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News Article : Unintended negative consequences for many
Category: Advisers & Brokers : Commission & Fees
Author:Friedman Twala
Email:[email protected]
Posted:11 Dec 2008

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BHF statement questioned

Statement issued by the Joint Broker Forum (JBF) on issues concerning proposals by the Council for Medical Schemes to revise the regulatory framework on health broker remuneration.

The JBF was established to represent the members of the Financial Intermediaries Association of Southern Africa (FIA), the Financial Planning Institute (FPI), Black Broker Service Network (BBSN), and the South African Health Intermediary Association (SAHIA) on this matter and will be making a submission to the Council for Medical Schemes (CMS) on or before the due date for submissions of 6 February 2009.
The JBF has fundamental concerns that there will be significant unintended consequences should the CMS proposals be adopted. 

These proposals basically provide for two categories of health broker, namely a scheme agent and an independent advisor. 

Scheme agents would need to select a particular medical scheme to market and would be paid, uncapped, by the scheme concerned. 

Independent advisors would provide advice to members and employers and would be paid an agreed fee directly by the member or employer.
The primary concerns that the JBF has identified with the proposals outlined by the CMS are:

The end of independent affordable advice for the majority of covered and uncovered members. 

Current legislation prohibits brokers from earning more than R60.70 (ex VAT) per family per month for advising members on which scheme to select, which option to select within that scheme, informing members on the details of their chosen option and protecting members’ rights from the incorrect application of underwriting rules and key legislation (eg. payment of treatment in terms of the prescribed minimum benefits), to name but a few services provided.

Should the CMS proposals be adopted, independent advice on these and other health related matters would, in many cases, be provided on an hour-based professional fee.

Lack of significant savings from the introduction of these proposals.

Uncapped agent fees and additional services that would have to be provided by the scheme or its administrator would consume much of what is currently paid to brokers, an average of 2.2% of contributions.

The resultant impact may even lead to an increase in contributions.

Increased member confusion. 

Hard selling scheme agents, marketing one scheme only, would need to continuously place new members with schemes they represent in order to earn ongoing income. 

The CMS has clarified that these agents would only be able to earn once-off uncapped “marketing fees” and this may result in massive churn between schemes, both in terms of members and marketing agents themselves.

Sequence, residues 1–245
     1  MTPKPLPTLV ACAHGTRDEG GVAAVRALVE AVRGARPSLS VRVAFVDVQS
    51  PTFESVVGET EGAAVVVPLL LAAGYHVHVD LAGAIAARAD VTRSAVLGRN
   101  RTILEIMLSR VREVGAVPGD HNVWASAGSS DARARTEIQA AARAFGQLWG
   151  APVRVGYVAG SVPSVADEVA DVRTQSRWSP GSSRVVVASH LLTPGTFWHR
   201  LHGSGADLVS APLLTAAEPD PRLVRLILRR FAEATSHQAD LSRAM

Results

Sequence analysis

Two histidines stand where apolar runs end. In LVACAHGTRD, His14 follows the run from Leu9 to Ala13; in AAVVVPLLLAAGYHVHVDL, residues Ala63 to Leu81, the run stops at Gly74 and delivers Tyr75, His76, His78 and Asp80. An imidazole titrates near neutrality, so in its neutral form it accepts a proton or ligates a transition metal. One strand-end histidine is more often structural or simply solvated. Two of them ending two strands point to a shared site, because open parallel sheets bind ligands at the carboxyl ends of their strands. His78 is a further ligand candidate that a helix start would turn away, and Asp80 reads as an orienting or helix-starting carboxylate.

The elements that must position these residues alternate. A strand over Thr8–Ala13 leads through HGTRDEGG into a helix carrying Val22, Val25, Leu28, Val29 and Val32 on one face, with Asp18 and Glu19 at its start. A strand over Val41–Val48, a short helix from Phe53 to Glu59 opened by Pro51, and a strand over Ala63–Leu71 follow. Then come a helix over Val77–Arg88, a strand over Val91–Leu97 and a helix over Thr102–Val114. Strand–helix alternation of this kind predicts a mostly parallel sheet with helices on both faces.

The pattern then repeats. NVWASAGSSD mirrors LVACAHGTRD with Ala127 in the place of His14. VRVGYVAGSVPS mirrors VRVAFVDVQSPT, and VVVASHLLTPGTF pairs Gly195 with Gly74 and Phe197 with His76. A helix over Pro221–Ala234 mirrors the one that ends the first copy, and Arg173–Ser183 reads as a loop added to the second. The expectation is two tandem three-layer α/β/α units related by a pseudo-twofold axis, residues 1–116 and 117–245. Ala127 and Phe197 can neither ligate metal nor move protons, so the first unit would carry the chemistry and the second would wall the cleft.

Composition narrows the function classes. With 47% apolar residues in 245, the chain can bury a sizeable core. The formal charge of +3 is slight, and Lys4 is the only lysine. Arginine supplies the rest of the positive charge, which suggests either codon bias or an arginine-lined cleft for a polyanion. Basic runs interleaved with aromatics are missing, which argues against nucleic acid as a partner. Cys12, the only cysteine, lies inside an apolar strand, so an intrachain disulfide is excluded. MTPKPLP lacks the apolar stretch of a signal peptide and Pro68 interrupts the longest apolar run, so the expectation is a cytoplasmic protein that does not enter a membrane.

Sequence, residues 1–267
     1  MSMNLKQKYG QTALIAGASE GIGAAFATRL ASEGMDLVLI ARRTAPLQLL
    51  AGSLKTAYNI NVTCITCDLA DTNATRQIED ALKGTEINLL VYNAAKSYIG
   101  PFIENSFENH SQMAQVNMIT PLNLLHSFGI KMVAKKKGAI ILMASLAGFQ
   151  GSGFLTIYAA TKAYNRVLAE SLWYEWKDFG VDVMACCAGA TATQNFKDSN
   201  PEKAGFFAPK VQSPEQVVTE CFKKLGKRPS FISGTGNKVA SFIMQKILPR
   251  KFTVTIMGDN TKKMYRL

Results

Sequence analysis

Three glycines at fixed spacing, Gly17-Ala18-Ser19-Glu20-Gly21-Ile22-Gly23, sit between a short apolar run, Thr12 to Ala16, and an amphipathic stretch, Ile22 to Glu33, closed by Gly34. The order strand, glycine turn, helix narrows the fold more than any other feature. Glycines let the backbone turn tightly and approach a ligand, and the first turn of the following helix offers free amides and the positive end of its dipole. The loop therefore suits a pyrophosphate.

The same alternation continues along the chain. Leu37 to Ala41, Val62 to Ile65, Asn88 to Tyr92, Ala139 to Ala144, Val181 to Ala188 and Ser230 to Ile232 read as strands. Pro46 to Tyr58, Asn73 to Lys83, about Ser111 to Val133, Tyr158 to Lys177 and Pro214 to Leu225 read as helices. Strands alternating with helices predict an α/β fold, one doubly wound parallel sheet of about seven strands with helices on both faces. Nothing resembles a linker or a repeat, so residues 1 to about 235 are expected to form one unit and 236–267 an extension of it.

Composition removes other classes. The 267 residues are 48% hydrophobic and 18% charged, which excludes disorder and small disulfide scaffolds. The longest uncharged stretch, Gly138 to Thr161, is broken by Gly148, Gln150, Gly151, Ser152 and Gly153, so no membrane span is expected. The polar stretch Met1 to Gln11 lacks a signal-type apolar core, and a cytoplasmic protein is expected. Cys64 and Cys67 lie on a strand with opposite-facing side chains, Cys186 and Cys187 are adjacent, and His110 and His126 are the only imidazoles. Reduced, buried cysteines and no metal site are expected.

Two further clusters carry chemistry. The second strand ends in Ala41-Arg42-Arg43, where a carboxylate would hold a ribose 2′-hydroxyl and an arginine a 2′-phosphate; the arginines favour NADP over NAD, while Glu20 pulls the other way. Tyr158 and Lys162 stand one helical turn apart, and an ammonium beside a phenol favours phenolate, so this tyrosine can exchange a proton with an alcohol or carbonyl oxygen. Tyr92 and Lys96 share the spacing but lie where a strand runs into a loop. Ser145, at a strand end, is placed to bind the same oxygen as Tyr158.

Decreased competition. 

Bigger schemes with bigger marketing budgets and more prominent brands would have the most agents marketing their products.

These agents would be looking for new members from smaller, perhaps more vulnerable schemes. 

The end result may be that only a few large schemes remain, thus limiting member choice.

Independent fee earning advisors would have to consider this risk to the environment when providing their advice, possibly exacerbating the issue.   

The JBF is concerned that the Board of Healthcare Funders (BHF) and its member schemes may not have considered some of these issues in reaching their conclusion as set out in a press release issued by BHF on 10 December 2008. 

In this press release, they note that “the majority of medical schemes agreed with the Council’s proposals that there be a clear differentiation between independent advisors and marketing agents”.

Discovery Health recently resigned as a member of BHF. 
The JBF is further concerned about the process followed by BHF in reaching this conclusion.

However, the substance of the discussions recently held in the two BHF regional meetings, on which their conclusion is based, has not been made clear and there are concerns that a conclusion was sought without proper due process or investigation into the true impact on the industry going forward.
The JBF will be engaging with BHF and medical schemes and will suggest that a more formal process be adopted prior to the determination of a medical scheme industry conclusion. 

The JBF suggests that BHF:

  • Canvass opinion on the CMS proposals from open schemes only – restricted medical schemes are not affected by the proposed change;
  • That the schemes submit their decisions to the BHF in writing;
  • That these scheme decisions reflect the positions of the respective Boards of those schemes; and
  • That information is published on the outcome of that process in terms of numbers of schemes (representing “x” members) with particular views one way or another. This will serve as an important barometer that will assist in accurately gauging the true BHF sentiment and the extent to which this sentiment is held.

The JBF supports ethical practices and the current situation is one where the actions of a few may have led to changes that could have unintended negative consequences for many.

Friedman Twala is the Chairman of the JBF

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